Vancouver Hobbit House has $2.5 million price tag

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3979 West Broadway

It feels a bit like whack a mole. One hobbit house gets a reprieve from the bulldozer and the next one comes up for sale. Fortunately the Lea Residence has a heritage designation, which means it can’t be torn down—it even comes with its own plaque.

This is the third time the house at 3979 West Broadway has come up for sale in the last five years. Back in 2009 its future looked shaky when it sold to a developer for $1.65 million. But instead of razing the place, James Curtis did a deal with the City where he sunk close to a million dollars into renovating the house, designated it, and in return was allowed to subdivide and build a second house on the large lot.

The realtor’s blurb says the West Broadway hobbit house offers an option for people wanting to down size, which makes me laugh because that renovation increased the size of the house to 3,000 sq. ft—that’s one gnarly “bungalow.”

3979 West BroadwayThe reno also included a new $200,000 thatch-like roof, which is of course the house’s most distinctive feature.

The house is one of three story-book cottages in Vancouver designed by architect Ross Lort in the early 1940s. Lort also designed Casa Mia for the Reifel family on Southwest Marine Drive. The others are on King Edward in Vancouver and on Braeside in West Van. The Lea House first appears in the city directories in 1941 and is named for its original owner and builder Brenton Lea. Lea sold his house to William Brown a Vancouver dentist, in 1943.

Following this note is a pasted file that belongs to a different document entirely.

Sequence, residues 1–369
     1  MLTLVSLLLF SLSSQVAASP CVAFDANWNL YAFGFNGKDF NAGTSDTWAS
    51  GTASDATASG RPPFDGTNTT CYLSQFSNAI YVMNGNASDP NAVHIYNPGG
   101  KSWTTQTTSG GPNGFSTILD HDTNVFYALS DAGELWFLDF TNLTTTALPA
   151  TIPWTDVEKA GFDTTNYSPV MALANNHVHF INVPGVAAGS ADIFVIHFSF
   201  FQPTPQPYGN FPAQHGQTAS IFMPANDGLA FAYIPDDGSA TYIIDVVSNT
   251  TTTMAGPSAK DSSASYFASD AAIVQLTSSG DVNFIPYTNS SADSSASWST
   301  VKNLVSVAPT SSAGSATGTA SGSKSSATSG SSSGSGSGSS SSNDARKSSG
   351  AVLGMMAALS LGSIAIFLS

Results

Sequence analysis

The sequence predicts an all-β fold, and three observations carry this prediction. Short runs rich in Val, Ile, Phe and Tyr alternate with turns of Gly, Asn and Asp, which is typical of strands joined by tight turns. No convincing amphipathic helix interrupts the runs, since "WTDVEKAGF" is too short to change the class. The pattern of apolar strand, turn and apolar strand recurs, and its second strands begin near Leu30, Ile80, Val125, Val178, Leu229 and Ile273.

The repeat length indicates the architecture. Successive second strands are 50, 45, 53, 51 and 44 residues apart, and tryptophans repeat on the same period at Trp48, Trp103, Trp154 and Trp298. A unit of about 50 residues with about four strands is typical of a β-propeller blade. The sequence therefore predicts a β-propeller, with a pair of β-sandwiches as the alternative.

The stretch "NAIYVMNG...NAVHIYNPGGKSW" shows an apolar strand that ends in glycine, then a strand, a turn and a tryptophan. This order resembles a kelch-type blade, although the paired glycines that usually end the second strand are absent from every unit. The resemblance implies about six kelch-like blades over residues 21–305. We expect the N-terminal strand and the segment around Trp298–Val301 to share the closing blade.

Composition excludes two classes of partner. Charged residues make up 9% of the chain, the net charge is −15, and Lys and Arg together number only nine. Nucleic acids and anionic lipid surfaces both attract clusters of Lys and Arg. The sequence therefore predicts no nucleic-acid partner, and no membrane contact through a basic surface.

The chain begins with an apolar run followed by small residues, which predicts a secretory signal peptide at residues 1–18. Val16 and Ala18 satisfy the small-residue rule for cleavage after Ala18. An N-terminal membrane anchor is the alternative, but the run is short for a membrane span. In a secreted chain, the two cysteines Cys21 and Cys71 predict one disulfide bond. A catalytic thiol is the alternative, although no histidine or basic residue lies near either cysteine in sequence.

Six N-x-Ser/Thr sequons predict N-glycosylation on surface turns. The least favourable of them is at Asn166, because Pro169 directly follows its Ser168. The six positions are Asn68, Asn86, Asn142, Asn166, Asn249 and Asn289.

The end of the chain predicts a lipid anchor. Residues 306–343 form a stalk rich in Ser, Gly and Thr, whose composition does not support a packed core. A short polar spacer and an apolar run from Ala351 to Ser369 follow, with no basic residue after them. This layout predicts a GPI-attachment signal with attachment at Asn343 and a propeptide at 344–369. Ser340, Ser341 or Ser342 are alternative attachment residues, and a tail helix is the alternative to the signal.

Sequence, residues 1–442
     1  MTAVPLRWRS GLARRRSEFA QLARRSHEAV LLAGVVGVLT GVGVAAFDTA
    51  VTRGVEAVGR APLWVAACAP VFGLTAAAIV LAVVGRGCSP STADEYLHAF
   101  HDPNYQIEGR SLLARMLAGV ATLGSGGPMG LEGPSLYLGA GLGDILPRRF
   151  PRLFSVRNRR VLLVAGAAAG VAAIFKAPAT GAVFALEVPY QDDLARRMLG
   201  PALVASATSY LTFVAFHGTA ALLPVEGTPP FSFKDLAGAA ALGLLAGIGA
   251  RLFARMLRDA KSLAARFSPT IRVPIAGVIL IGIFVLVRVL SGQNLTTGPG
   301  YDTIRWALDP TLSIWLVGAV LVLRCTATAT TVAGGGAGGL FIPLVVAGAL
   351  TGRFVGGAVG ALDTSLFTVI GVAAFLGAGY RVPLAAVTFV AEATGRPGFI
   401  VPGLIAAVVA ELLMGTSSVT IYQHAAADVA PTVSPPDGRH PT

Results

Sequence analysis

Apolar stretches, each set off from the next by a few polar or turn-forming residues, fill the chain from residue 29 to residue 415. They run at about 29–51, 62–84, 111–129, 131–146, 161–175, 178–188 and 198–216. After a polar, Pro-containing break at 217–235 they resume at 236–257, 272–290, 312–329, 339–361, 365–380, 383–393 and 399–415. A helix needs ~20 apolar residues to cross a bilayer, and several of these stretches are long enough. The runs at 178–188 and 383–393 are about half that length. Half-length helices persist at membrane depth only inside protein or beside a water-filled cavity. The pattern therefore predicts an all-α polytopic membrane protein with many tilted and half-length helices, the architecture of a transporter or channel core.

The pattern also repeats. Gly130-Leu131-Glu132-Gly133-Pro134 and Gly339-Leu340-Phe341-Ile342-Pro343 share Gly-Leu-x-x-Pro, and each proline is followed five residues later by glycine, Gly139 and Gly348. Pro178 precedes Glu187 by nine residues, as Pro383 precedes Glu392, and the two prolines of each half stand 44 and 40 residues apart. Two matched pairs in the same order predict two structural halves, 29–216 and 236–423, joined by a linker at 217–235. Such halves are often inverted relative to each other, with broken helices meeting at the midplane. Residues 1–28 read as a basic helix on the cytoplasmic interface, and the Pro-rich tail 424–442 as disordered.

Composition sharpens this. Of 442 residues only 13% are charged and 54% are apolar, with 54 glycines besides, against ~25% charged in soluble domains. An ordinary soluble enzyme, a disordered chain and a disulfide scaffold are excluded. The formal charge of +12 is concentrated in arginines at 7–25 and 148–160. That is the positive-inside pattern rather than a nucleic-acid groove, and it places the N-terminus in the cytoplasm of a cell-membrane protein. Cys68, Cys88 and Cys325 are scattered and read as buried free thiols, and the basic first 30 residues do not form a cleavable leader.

You can get a look inside at the open house tomorrow March 2nd from 2:00 to 4:00 pm.

Also see: The Hobbit House

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  1. Hi Eve. Well my goodness I didn’t know there were more than one Hobbit homes in Vanc. I only recall the one on King Ed. brings back memories AND of course very interesting… thanks as always.

  2. This is a truly ‘great’ character house (unlike many of the new double-gabled variety that are being constructed in recent years in Vancouver). Such a charming character! I’m very pleased to hear that this house has historical designation, and hope that Vancouver City Council doesn’t change their minds about that (like they have in the past in order to allow developers to build new condos).

    1. Hi Noreen: it has heritage b designation, it’s my understanding that once a house goes through the designation process it can’t be undone – as opposed to just being on the heritage register where pretty much anything can happen. I hope that’s right!

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